Date of Award
Doctor of Philosophy (PhD)
Birth, Childbirth, Epidural, History of Childbirth, Medical Ethnography, Nurse-Midwifery
Social and Behavioral Sciences
This dissertation is a medical ethnography of a nurse-midwifery hospital-based maternity service in an urban American hospital. The research study incorporates on-site observation, interviews, and data collection. The recent transformation of American hospital childbirth is described. Epiduralized birth has become the norm, representing a standardization of the cascade of interventions so often referred to by critics of the system of hospital birth in the United States. The routine use of the epidural has led to a Gleichschaltung of birth where the centrality of the epidural makes necessary a unitary, complex, totalistic set of interventions all of which make up an entirety of interventions that cannot be separated from each other. The policy implications for this fundamental change in American birth are discussed. The history of childbirth and midwifery in the United States is also discussed as well as the culture of the profession of nurse-midwifery. The scientific literature regarding the physiology and ecology of birth, as well as the safety of medications used in epiduralized birth (particularly bupivacaine and pitocin) is analyzed. Finally, the closure of the maternity service observed throughout this ethnographic research is discussed in light of regionalization and centralization of childbirth.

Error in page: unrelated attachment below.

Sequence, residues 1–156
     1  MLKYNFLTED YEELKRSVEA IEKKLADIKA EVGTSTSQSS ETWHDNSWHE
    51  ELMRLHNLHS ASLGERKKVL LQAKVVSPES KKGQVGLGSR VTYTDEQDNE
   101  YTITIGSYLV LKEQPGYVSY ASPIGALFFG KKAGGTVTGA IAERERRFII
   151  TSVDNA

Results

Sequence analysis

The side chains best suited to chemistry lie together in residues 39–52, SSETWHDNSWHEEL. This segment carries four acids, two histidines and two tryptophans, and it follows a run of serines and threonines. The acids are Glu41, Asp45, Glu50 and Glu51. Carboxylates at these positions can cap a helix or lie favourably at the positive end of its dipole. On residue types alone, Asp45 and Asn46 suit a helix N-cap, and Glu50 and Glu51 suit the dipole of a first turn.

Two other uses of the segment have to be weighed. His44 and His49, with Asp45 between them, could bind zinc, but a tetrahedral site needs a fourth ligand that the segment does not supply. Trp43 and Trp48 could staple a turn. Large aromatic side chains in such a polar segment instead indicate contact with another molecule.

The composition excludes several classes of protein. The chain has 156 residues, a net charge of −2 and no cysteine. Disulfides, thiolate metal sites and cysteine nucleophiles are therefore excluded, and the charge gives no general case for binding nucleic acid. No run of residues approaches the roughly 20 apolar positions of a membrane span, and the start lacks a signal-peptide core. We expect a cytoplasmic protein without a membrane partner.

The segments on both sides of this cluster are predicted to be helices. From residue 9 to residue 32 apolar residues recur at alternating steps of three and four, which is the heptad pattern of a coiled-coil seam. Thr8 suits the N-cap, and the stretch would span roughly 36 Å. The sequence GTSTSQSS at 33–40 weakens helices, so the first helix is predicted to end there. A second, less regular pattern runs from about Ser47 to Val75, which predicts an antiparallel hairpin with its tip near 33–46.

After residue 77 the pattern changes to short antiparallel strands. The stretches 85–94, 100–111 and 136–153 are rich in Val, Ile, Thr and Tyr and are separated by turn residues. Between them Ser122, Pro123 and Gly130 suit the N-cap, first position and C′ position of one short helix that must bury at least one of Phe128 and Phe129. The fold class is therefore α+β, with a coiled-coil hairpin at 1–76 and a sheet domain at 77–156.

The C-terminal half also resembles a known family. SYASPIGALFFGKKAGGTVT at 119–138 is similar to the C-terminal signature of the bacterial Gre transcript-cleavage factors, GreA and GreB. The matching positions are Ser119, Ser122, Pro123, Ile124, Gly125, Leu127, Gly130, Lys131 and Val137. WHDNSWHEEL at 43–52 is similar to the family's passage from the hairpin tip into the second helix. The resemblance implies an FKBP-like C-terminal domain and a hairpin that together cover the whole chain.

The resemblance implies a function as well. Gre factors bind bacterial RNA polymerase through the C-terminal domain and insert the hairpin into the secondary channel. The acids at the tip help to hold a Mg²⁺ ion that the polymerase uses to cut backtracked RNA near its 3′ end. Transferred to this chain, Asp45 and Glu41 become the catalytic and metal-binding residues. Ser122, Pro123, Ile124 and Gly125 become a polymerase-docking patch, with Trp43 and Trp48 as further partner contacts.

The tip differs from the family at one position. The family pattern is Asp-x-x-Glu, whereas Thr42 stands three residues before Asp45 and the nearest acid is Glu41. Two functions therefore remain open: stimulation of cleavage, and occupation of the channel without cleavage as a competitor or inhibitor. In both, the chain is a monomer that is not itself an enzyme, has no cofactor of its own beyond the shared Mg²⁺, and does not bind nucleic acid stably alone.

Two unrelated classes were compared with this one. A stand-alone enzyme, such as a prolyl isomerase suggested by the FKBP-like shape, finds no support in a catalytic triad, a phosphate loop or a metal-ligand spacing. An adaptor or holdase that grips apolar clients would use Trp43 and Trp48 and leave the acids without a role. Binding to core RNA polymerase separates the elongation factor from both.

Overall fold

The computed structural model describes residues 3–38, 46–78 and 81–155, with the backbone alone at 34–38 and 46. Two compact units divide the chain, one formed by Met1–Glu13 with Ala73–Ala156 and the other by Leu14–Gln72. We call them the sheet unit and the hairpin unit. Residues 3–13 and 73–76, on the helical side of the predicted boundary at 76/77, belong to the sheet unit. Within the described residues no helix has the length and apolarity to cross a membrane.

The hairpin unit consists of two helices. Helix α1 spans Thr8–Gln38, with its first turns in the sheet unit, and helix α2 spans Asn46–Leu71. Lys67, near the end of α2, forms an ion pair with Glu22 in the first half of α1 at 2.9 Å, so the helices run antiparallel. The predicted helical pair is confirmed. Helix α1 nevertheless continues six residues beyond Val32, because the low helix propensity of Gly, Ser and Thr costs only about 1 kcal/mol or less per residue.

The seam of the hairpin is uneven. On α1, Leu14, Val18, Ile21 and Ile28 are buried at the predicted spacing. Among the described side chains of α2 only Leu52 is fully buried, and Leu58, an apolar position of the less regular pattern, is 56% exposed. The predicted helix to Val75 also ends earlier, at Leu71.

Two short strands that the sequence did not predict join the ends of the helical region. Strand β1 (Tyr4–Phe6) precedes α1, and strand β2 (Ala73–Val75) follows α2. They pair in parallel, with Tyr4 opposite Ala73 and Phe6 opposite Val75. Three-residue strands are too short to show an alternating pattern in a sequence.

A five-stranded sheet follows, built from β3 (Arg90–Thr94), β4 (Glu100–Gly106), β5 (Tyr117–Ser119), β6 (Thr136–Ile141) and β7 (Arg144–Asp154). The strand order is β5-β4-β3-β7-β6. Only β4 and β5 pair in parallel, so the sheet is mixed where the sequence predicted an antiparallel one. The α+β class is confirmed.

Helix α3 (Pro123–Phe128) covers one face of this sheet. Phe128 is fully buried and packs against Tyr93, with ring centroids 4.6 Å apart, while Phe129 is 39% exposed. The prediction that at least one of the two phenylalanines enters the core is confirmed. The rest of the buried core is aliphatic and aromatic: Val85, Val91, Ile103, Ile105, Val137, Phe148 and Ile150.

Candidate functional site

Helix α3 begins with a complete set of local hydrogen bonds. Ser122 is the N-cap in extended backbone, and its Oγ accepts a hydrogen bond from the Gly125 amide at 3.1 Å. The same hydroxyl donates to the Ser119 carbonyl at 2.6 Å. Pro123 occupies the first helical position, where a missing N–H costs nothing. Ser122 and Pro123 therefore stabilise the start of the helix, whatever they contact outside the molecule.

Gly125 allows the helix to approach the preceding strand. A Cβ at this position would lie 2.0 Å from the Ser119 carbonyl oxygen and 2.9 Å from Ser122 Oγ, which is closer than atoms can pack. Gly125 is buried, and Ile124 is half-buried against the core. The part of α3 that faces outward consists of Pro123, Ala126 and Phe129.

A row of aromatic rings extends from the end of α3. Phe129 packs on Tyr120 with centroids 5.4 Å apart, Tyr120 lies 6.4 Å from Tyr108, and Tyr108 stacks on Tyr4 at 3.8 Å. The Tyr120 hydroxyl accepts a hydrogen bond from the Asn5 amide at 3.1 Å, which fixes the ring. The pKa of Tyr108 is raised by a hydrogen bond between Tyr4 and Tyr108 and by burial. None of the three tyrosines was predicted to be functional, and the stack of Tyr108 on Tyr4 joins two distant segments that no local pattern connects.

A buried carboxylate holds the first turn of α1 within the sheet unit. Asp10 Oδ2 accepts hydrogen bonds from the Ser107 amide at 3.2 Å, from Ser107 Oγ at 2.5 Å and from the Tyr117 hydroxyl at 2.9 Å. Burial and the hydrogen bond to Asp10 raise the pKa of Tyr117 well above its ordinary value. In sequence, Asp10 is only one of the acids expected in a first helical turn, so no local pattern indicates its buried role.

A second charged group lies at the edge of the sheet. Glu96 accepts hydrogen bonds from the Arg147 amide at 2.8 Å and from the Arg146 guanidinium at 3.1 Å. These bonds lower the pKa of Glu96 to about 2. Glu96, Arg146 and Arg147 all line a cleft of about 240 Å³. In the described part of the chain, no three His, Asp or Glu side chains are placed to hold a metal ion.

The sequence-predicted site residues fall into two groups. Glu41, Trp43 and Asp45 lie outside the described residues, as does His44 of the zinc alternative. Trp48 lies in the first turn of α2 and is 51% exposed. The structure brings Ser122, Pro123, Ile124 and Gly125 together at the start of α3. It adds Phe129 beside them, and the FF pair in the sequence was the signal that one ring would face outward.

May, Maureen, "Turning the Board Blue: America's Epiduralized System of Birth. A Medical Ethnography" (2014). Dissertations - ALL. 164.